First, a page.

Some bright minds of the finance world believe that shareholder activism has surged in recent years because of increased market efficiency. Hedge funds and other investors may find it really hard to stumble upon pricing discrepancies, thanks to the surge in high-frequency trading. Therefore, activist hedge funds tend to change the future performance of some companies instead of trying to predict their future performance. A number of more than 500 activist hedge funds had over $140 billion in assets under management at the end of June, marking an increase of 18% as compared with the figure registered at the beginning of the year. With that in mind, let’s proceed with the analysis of two 13Ds (activist) filed with the SEC by two widely-known hedge funds tracked by Insider Monkey.
Following activist funds is important because it is a very specific and focused strategy in which the investor doesn’t have to wait for catalysts to realize gains in the holding. An activist fund can simply create its own catalysts by pushing for them through negotiations with the company’s management and directors. In recent years, the average returns of activists’ hedge funds has been much higher than the returns of an average hedge fund. Furthermore, we believe do-it-yourself investors have an advantage over activist hedge fund investors because they don’t have to pay 2% of their assets and 20% of their gains every year to compensate hedge fund managers. We have found through extensive research that the top small-cap picks of hedge funds are also capable of generating high returns and built a system around this premise. In the 38 months since our small-cap strategy was launched it has returned over 102% and beaten the S&P 500 ETF (SPY) by more than 53 percentage points (read more details). Soon, we’ll be releasing a new quarterly newsletter written by former activist hedge fund analyst Michael Bland that tracks ten or so activist campaigns at any given time.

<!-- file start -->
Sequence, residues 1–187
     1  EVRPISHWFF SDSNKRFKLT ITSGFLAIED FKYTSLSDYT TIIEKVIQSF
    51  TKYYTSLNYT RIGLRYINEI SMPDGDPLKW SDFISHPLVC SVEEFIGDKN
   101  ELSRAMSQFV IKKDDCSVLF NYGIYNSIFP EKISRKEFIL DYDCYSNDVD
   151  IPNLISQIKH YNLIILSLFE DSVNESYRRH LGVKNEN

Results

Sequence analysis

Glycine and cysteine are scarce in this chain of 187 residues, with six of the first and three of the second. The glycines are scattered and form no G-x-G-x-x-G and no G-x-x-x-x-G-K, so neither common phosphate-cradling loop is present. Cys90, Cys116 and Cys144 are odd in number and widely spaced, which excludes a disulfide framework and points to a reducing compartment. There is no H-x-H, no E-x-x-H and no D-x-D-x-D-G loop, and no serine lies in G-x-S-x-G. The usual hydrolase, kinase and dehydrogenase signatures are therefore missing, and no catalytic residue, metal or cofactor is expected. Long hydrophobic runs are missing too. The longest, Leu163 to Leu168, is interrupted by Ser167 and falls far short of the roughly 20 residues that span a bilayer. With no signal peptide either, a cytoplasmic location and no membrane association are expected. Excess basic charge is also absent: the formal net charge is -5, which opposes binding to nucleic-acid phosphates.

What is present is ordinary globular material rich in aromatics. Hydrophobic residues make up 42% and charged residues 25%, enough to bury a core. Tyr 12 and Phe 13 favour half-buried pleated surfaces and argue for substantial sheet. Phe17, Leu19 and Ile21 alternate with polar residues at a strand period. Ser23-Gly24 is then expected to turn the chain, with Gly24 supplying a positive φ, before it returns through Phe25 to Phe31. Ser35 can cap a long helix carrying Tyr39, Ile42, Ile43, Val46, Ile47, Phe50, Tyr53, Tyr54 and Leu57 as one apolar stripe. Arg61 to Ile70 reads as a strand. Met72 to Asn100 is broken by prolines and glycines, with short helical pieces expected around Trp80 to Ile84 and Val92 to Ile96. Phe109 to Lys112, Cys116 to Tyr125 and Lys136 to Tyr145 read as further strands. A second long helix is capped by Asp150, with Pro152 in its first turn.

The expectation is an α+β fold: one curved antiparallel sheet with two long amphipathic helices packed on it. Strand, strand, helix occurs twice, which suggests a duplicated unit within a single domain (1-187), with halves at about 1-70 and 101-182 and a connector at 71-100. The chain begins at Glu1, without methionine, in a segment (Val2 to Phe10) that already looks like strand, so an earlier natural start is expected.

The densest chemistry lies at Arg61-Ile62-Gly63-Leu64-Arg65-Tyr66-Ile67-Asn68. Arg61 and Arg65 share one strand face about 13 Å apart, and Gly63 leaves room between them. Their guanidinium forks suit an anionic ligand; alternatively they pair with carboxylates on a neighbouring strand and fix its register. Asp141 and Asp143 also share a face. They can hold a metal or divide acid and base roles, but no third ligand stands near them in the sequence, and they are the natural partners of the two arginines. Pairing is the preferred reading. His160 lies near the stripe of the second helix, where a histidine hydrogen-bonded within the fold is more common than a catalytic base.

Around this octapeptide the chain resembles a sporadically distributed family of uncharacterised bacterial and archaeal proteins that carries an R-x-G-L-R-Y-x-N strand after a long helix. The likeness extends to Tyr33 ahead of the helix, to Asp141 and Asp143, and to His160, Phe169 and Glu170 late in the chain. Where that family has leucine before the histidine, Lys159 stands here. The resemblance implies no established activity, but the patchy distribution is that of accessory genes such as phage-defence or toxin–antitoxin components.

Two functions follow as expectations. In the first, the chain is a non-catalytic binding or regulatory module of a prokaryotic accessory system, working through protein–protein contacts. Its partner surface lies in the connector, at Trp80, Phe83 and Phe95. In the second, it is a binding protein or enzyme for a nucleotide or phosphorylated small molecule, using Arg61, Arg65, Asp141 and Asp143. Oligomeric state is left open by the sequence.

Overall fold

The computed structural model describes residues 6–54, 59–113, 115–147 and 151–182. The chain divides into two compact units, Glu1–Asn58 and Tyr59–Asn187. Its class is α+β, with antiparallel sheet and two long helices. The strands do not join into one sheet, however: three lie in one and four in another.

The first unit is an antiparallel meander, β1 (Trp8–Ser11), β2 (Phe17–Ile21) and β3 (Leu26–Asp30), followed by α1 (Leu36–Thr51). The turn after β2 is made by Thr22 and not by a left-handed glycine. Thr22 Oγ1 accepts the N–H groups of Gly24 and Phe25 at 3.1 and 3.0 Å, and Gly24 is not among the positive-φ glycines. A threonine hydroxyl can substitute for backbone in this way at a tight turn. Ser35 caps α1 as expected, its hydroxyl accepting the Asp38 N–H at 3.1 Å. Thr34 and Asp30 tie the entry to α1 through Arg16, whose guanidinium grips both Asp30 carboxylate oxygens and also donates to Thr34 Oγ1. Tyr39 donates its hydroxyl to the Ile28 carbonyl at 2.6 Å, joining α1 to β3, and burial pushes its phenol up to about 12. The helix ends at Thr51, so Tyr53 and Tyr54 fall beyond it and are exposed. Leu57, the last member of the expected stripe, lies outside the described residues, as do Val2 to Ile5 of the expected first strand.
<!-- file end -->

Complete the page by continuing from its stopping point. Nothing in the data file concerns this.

According to a freshly-amended 13D filing, Jeffrey C. Smith’s Starboard Value owns 30.22 million shares of Office Depot Inc. (NASDAQ:ODP), which include call options underlying 25.00 million shares. Starboard Value owned 44.74 million shares in the supplier of office products and services as of September 30, along with an additional 4.05 million shares in call options. On February 4, Office Depot and Staples Inc. (NASDAQ:SPLS) announced a merge deal, under which Staples was set to acquire all the outstanding shares of Officer Depot. The terms of the deal say that Office Depot shareholders will receive $7.25 in cash and 0.2188 of Staples common stock. Earlier this month, the Federal Trade Commission (FTC) informed the two parties engaged in the potential merger that the FTC intends to block the aforementioned combination. In response, both companies announced their intentions to contest the FTC’s decision, but the deal is likely to fail unless the duo persuades a federal judge that “the FTC’s decision is based on a flawed analysis and misunderstanding of the intense competitive landscape in which Staples and Office Depot compete”. Meanwhile, the company’s sales in its North American Division (which accounts for roughly 43% of the company’s sales) totaled $1.60 billion for the third quarter of 2015, down from $1.72 billion reported a year ago. This decreased was mainly attributable to the company’s real estate strategy to close 400 retail stores through 2016.
Office Depot Inc. (NASDAQ:ODP)’s shares have declined by 33% this year. Meanwhile, the fact that Starboard Value has been gradually cashing out its holding in the company might suggest that the Office Depot-Staples deal will most likely fail to go through. The number of smart money investors with stakes in Office Depot declined to 47 from 49 during the September quarter, while the aggregate value of these stakes dropped to $964.83 million from $1.36 billion. Hedge funds monitored by the Insider Monkey team stockpiled 27.40% of the company’s outstanding shares on September 30. Eric Mindich’s Eton Park Capital reported owning 12.50 million shares of Office Depot Inc. (NASDAQ:ODP) via its 13F filing for the September quarter.
Let’s head to the second page of this article, where we discuss the 13D filing submitted by Broadfin Capital.